Another thing that takes a hit is your testosterone levels. So guys, when you’re out drinking, your testosterone could be lowered by anywhere between 10-20% for 12 hours. Of course, occasionally this is no big deal, but over a prolonged period of time this could mean a lower sex drive, visibly looking less lean, and generally reducing the quality of your gym performance.

So what do I recommend drinking if you’re going for a big Friday night?

Spirits.

More specifically, white spirits. I’m talking your gins and your vodkas, as these have the lowest calorie count. Generally, one shot of vodka=100 calories which is about 7 kcals per gram. If you’re someone who is tracking their calories and/or macros it can be broken down fairly easily. Your drink can be tracked as carbs (4 kcals per gram) or fats (9 kcals per gram). Using this formula you can take this amount off of you carb or fat allowance, or a mixture of both if you are confident with the maths.

The other thing to consider is your mixer. Switching from a vodka-coke to a vodka-diet coke will save you hundreds of calories per glass.

Using a calorie-free mixer and a single spirit such as gin or vodka, as I’ve mentioned, will be so much easier to monitor than swigging back fruity, sugary, calorific cocktails. You’ll be able to drink twice as much of the low-cal drinks with half the guilt!

Another thing to consider if you’re tracking and are wanting to go on a night out is planning ahead.

Make sure your day is made up of meals with slightly smaller portions and save those extra cals for your drinks later!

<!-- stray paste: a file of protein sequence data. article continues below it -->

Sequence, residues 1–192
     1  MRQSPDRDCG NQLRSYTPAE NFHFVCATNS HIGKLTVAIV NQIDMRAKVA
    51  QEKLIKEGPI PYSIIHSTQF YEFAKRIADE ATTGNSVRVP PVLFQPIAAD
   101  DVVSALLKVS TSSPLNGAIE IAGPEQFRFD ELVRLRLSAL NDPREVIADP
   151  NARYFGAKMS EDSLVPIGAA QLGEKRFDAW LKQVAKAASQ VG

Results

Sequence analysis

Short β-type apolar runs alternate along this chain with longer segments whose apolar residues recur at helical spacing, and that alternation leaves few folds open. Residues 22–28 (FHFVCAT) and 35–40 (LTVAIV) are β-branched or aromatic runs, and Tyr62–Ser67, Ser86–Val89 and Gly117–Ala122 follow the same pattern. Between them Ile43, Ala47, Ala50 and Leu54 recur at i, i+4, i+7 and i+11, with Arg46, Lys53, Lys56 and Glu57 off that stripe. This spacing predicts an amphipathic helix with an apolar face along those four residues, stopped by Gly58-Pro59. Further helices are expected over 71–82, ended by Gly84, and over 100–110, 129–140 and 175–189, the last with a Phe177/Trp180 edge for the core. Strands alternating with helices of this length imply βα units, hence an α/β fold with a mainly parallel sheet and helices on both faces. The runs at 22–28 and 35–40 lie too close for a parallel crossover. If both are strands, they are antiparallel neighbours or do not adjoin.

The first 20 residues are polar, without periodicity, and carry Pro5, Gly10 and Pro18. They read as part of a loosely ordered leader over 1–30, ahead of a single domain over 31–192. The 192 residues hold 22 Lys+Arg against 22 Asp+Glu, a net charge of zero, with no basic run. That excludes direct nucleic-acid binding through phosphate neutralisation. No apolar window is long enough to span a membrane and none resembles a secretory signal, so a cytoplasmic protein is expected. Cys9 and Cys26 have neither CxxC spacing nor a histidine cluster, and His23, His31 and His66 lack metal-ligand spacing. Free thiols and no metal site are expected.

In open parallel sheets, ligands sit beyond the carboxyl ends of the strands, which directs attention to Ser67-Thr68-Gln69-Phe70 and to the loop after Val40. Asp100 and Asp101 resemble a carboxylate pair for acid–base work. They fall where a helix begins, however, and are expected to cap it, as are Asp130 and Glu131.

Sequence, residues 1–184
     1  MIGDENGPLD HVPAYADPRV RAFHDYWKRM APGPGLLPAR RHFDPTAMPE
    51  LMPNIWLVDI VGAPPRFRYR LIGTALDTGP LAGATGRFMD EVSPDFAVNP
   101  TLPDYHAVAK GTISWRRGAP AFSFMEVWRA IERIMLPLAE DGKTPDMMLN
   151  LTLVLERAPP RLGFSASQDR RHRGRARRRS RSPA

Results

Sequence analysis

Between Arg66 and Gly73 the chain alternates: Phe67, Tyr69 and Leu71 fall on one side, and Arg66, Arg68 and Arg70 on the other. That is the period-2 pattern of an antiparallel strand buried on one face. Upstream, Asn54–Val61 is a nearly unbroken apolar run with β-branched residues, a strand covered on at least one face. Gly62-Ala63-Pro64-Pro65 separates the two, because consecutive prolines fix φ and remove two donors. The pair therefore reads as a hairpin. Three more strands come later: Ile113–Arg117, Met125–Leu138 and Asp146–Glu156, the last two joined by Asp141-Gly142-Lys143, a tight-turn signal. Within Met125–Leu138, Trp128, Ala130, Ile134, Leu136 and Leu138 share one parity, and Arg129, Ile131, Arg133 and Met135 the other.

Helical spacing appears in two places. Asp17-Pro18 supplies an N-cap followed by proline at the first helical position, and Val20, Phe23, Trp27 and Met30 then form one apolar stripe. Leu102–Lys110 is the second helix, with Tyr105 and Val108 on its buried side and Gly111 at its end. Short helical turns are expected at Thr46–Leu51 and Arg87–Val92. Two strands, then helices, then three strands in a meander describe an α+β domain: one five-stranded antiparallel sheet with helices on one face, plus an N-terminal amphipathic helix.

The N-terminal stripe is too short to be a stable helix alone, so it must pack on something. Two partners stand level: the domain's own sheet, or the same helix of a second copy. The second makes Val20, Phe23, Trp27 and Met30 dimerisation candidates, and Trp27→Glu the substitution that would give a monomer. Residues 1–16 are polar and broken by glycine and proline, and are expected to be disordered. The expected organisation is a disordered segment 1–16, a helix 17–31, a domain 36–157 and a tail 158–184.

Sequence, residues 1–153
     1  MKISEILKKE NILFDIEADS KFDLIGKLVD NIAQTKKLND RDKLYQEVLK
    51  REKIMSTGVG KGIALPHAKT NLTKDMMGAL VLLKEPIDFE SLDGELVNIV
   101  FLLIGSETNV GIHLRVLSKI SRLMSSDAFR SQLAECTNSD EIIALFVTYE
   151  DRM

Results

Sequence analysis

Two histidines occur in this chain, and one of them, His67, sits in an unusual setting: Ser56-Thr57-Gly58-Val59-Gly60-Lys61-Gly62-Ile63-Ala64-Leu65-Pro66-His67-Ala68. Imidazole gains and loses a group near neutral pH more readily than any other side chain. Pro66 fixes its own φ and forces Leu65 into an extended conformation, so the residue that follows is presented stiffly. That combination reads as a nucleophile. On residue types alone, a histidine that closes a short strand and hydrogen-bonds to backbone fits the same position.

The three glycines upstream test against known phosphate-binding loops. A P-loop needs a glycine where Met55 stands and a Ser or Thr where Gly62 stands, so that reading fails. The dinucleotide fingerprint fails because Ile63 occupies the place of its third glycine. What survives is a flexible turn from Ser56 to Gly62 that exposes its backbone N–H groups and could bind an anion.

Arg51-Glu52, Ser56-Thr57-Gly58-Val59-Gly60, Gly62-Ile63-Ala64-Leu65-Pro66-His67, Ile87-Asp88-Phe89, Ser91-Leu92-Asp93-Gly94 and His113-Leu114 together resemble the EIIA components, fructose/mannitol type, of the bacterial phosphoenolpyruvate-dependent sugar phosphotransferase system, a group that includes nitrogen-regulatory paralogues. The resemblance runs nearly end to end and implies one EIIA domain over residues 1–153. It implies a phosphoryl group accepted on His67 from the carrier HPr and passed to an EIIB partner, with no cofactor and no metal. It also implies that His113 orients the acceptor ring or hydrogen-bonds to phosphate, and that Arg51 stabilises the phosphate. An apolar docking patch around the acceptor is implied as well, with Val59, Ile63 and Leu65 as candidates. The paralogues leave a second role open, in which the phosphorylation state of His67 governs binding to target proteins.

Another very simple recommendation I would make is to drink distilled spirits, your body processes them much easier, and they tend to alleviate some of the hang-over symptoms too!

There’s a contagious mentality when you’re out drinking that I like to call “the f*** it approach,” which essentially means all plans go out the window. Now I totally understand, it’s just one night after all, but from my experience, the harder you fall off the horse, the harder it is to get back on. A bigger knock back is likely to keep you off plan for a few extra days.

I suppose the last thing to say is: don’t take any of this too seriously.

The reason so many people will fail at a diet or fitness plan is because they go too harsh with themselves and then crash hard.

Your life shouldn’t revolve around fitness, fitness should revolve around your life.

I’ve had to remind myself of this a few times.

If going out and enjoying a drink at the weekends is something that makes you happy, find a way to do it that works for you and your goals. Know your priorities. Make gains and also memories.

(Just a small reminder, never ever go to the gym still drunk. It’s a danger to you and the others around you, even if it does seem like a good idea to just sweat it out, it’s not worth the risk. In fact, don’t go on a hang over either, let your body recover and replenish it with the nutrients it needs first, or the stress will do a lot more damage than good.)

#fitness #drinking #alcohol #nutrition #advise #health